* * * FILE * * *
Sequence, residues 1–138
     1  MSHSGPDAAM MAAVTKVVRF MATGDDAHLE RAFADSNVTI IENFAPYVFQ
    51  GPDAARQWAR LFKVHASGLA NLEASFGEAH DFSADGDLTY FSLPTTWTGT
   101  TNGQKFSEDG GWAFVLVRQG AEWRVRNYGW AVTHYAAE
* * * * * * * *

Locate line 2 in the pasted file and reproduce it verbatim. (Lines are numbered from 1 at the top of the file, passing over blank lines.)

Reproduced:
     1  MSHSGPDAAM MAAVTKVVRF MATGDDAHLE RAFADSNVTI IENFAPYVFQ